How do we experience cities, streets, squares?

How they sound? How they smell?

Good City Life creates experience-based maps for the cities, well at least for London, Barcelona, Milan, Rome, Seattle, …  Good City Life team wants to challenge “the corporate rhetoric of the smart cities movement”:

To change the corporate rethoric of the smart cities movement, there is the need to study how people psychologically perceive the urban environment, and to capture that in a quantitative fashion. (Good City Life)

There are two maps available online: Chatty Maps and Smelly Maps

Chatty Maps shows how a street sounds. Covent Garden (London) sounds like human or Kingsway (London) sounds like traffic. It is quite a database for soundscape of a city!

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Smelly Maps is the second amazing map the Good City Life team created. Check St Nicolas Avenue (New York) out. It smells 98% food 🙂 Wow, hell of an experience 🙂 Ouch, the Tower Bridge (London) smells like emissions, not so good 🙂

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Thank you the Good City Life team for creating such amazing maps for us 😉

 

Istanbul Urban Layers

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Istanbul Urban Database is an excellent work and amazing database for urban researchers and activist alike.

an accessible, interactive mapping platform for historians, architects, city planners and other researchers to examine and contribute to the collective memory of Istanbul. This project is a sustainable platform that blends a wide range of historical data, and is the most comprehensive online archive of Istanbul’s urban history. (Istanbul Urban Database)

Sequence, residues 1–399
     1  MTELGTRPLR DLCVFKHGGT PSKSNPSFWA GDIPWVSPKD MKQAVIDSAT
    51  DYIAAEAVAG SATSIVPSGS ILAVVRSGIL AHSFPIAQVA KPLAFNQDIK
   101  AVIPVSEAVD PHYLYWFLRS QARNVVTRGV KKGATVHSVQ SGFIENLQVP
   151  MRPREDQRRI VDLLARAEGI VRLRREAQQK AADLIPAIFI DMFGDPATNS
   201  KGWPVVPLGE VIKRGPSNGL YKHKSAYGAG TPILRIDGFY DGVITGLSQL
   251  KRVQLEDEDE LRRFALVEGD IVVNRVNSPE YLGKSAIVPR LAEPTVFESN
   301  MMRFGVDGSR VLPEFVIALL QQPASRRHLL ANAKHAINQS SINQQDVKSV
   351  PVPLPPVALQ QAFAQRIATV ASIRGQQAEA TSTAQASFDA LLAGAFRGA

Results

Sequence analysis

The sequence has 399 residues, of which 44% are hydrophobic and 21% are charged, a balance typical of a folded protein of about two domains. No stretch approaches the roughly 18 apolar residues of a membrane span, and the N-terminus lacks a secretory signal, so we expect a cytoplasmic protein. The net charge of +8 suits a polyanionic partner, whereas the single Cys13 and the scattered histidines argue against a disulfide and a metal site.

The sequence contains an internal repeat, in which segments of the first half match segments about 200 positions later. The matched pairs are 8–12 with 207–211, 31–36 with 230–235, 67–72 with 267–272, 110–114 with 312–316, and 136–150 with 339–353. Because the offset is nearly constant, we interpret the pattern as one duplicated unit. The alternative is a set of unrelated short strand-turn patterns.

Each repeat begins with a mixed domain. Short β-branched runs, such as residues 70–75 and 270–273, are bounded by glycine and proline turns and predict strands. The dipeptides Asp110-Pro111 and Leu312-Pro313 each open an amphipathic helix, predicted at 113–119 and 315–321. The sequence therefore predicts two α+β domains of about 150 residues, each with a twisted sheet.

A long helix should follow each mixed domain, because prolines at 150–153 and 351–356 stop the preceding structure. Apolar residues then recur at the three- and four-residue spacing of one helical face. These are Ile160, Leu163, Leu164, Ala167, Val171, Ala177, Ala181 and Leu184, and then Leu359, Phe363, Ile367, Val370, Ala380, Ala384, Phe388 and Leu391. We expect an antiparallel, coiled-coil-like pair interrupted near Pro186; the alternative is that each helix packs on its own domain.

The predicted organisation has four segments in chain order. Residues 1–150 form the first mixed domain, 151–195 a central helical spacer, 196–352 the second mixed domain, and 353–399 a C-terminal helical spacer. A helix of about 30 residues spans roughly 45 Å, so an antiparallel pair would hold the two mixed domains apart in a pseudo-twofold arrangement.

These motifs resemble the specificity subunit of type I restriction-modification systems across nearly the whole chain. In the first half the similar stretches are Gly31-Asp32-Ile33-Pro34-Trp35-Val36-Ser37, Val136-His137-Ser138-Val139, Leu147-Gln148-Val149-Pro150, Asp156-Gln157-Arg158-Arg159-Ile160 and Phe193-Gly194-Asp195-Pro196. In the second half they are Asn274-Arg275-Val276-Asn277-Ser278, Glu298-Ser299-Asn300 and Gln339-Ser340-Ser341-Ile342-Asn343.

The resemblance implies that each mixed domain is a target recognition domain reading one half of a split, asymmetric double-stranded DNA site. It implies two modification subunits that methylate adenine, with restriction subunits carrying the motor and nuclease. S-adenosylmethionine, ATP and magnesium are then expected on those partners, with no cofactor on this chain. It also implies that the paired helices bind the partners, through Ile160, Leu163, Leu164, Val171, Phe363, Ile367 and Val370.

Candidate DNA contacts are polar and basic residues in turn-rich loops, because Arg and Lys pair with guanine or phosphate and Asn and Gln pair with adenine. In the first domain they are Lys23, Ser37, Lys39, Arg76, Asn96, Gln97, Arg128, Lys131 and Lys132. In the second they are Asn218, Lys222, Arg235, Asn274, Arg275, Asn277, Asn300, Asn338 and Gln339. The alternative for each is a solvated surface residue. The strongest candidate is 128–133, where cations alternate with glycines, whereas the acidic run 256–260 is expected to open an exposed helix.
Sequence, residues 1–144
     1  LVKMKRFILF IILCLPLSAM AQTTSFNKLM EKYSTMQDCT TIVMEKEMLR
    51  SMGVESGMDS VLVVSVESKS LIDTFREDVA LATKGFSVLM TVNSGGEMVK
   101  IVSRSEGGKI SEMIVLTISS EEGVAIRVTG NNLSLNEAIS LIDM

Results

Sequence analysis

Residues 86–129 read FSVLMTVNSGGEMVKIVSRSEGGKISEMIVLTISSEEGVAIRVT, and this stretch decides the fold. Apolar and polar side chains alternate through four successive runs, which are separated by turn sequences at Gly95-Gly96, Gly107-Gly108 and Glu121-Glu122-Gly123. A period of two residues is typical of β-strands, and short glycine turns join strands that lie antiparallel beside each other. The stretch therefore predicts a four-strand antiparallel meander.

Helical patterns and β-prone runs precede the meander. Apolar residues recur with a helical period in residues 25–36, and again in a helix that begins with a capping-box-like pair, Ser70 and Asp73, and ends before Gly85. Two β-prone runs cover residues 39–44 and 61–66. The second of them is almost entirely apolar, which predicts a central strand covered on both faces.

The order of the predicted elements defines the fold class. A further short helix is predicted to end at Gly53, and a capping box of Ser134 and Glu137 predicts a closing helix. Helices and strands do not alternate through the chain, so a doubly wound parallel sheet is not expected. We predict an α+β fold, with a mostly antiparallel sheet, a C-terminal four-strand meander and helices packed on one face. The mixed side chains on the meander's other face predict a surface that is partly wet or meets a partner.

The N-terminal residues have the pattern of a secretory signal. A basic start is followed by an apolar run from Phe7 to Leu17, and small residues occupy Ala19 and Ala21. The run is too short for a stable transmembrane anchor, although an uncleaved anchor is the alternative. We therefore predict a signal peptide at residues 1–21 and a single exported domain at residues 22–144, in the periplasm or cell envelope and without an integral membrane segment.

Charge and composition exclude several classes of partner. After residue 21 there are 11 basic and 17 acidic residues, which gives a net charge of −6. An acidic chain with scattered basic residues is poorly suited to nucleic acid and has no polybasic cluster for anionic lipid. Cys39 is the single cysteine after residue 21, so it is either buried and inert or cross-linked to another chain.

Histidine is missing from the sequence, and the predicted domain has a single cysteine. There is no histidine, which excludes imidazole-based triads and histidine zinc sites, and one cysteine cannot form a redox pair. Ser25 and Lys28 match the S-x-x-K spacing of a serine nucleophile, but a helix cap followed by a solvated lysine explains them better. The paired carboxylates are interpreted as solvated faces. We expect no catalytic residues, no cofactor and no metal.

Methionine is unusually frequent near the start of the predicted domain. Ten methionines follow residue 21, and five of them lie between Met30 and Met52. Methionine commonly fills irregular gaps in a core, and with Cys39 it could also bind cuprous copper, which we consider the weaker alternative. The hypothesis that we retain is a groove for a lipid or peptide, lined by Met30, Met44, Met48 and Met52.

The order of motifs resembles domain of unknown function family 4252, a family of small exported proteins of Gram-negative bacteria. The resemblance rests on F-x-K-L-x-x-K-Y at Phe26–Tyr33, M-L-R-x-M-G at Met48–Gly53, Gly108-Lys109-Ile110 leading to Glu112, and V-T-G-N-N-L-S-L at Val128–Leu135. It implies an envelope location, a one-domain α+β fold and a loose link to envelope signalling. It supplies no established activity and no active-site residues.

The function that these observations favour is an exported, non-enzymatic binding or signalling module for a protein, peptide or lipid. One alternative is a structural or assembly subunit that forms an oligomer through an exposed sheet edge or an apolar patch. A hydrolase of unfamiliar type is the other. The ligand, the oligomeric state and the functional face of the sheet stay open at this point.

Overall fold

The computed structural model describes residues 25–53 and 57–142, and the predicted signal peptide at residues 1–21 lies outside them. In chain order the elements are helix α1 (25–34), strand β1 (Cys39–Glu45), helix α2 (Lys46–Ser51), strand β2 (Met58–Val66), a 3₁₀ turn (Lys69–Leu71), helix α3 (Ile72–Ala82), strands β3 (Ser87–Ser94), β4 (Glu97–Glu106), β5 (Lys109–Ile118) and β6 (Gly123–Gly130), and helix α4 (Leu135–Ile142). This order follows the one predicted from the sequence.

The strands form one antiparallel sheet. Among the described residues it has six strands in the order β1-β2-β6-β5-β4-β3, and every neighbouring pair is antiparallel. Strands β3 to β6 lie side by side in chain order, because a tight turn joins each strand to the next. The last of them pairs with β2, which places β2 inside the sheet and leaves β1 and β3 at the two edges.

It is an ongoing project developed by Nil Tuzcu, a researcher based at MIT Department of Urban Studies and Planning.

Istanbul Urban Database currently has 8 categories: base maps, transportation, photos, major roads, spaces of everyday life, housing, master plans, and growth: Base maps include aerial photos, Jacques Pervititch insurance maps which were drawn between 1921 and 1946, and several Ottoman era maps provided by the Harvard Map Collection.  (Istanbul Urban Database)

 A massive thank you to Nil for developing such a platform for urbanist and urban historians.

Phantasmagoria of Urban Spectacle: Walter Benjamin and Media Theory Today

Jaeho Kang‘s talk about Walter Benjamin, phantasmagoria, spectacle, media and public space..

The talk is based on his book Walter Benjamin and the Media: The Spectacle of Modernity.

Walter Benjamin (1892-1940), one of the most original and perceptive thinkers of the twentieth century, offered a unique insight into the profound impact of the media on modern society. Jaeho Kang’s book offers a lucid introduction to Benjamin’s theory of the media and its continuing relevance today.

The book provides a systematic and close reading of Benjamin’s critical and provocative writings on the intersection between media – from print to electronic – and modern experience, with reference to the information industry, the urban spectacle, and the aesthetic politics. Bringing Benjamin’s thought into a critical constellation with contemporary media theorists such as Marshall McLuhan and Jean Baudrillard, the book helps students understand the implications of Benjamin’s work for media studies today and how they can apply his distinctive ideas to contemporary media culture.

Kang’s book leads to a fresh appreciation of Benjamin’s work and new insight into critical theoretical approaches to media. The book will be of particular interest to students and researchers not only in media and communication studies but also in cultural studies, film studies and social theory, who are seeking a readable overview of Benjamin’s rich yet complex writings. Polity Books

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The audio file can be downoaded from tripleC.